If you do address the judge, the judge should be addressed as “Your Honor” or you can use “Sir” or “Ma’am” when speaking with the judge.   Certainly “please” and “thank you” is appreciated.   Generally, if you are polite to the judge it is appreciated and he or she will be polite in return.

Who Is Going To Be There?

In addition to the judge, the parties and the lawyers, there are going to be other people  in the courtroom observing the proceedings.  First, some litigants forget that court proceedings are almost always public proceedings and, therefore, it is likely that there will be observers.  Usually, in Family Court the observers are litigants and attorneys waiting for their cases to be called.   Second, some of the the judge’s staff and court personnel are going to be present.   The Family Court always has at least one sheriff’s officer present.   The judge will also have a court clerk there who will be handling the recording equipment and some paperwork.  The judge’s law clerk may also be present.

Who Is Going To Be Observing Me and What Behaviors Should I Avoid?

Obviously the judge is observing the litigants’ demeanor.  The judge is making determinations as to credibility and reliability and trying to determine from the litigants’ demeanor what is motivating them.   So the judge needs to observe your demeanor during your trial testimony.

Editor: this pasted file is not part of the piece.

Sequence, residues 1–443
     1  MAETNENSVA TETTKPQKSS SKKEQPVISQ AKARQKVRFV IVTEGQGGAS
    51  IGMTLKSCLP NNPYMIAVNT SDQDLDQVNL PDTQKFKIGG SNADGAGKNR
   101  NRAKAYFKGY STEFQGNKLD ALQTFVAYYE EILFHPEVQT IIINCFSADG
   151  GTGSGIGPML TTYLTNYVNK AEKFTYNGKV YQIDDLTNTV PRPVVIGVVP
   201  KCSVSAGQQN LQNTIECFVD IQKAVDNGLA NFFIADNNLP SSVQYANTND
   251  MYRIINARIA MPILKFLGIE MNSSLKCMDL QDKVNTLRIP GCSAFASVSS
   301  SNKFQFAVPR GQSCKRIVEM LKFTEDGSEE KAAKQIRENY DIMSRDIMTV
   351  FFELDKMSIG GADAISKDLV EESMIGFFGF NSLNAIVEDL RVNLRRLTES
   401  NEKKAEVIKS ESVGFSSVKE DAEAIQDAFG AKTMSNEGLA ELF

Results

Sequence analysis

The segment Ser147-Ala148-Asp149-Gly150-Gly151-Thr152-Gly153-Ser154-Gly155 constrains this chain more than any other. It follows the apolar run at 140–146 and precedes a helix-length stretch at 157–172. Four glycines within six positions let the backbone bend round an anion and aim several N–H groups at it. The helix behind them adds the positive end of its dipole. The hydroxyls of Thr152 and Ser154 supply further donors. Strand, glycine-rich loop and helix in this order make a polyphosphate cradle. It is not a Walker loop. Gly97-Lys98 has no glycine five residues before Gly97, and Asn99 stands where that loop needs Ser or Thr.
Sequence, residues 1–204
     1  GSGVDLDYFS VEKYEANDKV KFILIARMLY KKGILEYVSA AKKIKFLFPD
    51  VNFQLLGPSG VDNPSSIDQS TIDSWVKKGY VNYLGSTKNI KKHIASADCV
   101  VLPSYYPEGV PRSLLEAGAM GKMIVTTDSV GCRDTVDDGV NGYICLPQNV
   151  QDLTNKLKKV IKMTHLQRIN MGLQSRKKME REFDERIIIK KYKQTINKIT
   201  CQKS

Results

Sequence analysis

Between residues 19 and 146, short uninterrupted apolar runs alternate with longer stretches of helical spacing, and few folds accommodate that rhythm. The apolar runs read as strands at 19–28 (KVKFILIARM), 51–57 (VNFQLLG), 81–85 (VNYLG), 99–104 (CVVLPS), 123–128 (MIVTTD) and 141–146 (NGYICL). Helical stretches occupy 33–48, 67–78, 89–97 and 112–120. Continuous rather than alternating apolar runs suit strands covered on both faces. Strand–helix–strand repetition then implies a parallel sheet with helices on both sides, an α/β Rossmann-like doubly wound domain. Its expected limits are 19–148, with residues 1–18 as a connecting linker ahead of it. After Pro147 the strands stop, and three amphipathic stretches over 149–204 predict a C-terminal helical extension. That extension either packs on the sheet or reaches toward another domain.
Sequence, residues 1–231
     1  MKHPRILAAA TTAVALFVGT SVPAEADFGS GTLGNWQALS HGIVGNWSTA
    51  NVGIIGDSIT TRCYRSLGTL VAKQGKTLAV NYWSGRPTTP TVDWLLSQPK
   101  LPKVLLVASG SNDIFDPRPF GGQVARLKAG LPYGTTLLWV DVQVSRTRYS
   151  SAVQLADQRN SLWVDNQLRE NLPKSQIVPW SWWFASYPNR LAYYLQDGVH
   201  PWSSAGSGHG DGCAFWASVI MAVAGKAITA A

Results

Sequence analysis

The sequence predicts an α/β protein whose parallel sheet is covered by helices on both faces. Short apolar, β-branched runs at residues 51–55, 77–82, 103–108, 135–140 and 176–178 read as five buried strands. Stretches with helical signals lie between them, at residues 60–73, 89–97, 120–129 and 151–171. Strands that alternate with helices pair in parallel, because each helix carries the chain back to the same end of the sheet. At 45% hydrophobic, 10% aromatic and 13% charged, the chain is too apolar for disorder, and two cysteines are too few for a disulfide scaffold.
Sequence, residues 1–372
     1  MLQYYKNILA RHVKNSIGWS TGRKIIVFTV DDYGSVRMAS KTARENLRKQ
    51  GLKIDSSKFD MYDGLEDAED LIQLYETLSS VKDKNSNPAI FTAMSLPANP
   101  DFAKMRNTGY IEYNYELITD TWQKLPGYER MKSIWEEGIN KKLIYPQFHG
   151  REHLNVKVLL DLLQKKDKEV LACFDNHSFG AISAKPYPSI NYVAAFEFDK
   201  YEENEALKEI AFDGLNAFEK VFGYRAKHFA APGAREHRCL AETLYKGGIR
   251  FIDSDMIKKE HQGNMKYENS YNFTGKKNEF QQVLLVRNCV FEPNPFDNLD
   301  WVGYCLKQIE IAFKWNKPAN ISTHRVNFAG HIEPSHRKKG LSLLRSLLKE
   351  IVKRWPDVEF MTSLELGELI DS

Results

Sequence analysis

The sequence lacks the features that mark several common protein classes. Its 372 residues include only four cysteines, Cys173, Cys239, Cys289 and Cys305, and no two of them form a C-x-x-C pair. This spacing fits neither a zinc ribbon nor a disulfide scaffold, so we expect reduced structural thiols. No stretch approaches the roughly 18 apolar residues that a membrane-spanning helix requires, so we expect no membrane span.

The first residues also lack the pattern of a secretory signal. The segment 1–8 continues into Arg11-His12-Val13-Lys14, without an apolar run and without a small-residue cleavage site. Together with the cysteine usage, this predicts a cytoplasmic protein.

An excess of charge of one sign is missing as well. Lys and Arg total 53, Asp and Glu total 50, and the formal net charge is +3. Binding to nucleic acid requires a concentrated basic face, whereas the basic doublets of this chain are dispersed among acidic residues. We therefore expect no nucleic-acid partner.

However, even when you are not testifying or when the proceeding is not a trial, the judge is still observing and estimating your demeanor, and drawing conclusions about you.  Therefore, when your spouse or another witness is testifying, or when any of the lawyers are engaging in discussions with the judge, the judge may still be observing and assessing your demeanor.   Consequently, you should strive to avoid rolling your eyes, slamming down papers, laughing at your spouse or your spouse’s lawyer or another witness, or any other smirk, sigh, groan, et cetera.   Do not assume that the judge does not see this behavior even if she or he does not address it (which the judge might), and do not assume that the judge does not care if it is occurring.   Judges generally do not think well of those who engage in this behavior and it reflects negatively upon you.